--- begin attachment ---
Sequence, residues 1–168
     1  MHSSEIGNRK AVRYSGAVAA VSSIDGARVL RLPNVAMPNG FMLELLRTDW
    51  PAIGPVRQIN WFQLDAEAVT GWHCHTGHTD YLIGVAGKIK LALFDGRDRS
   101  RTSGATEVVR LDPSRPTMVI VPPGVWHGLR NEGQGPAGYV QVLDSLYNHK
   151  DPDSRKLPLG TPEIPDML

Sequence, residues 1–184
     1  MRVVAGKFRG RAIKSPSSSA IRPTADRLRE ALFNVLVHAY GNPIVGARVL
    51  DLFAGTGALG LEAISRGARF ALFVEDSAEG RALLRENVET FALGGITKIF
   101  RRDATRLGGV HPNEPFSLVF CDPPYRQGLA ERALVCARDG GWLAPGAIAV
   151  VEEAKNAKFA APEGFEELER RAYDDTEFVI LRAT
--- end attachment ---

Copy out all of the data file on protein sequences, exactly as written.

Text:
Sequence, residues 1–168
     1  MHSSEIGNRK AVRYSGAVAA VSSIDGARVL RLPNVAMPNG FMLELLRTDW
    51  PAIGPVRQIN WFQLDAEAVT GWHCHTGHTD YLIGVAGKIK LALFDGRDRS
   101  RTSGATEVVR LDPSRPTMVI VPPGVWHGLR NEGQGPAGYV QVLDSLYNHK
   151  DPDSRKLPLG TPEIPDML

Sequence, residues 1–184
     1  MRVVAGKFRG RAIKSPSSSA IRPTADRLRE ALFNVLVHAY GNPIVGARVL
    51  DLFAGTGALG LEAISRGARF ALFVEDSAEG RALLRENVET FALGGITKIF
   101  RRDATRLGGV HPNEPFSLVF CDPPYRQGLA ERALVCARDG GWLAPGAIAV
   151  VEEAKNAKFA APEGFEELER RAYDDTEFVI LRAT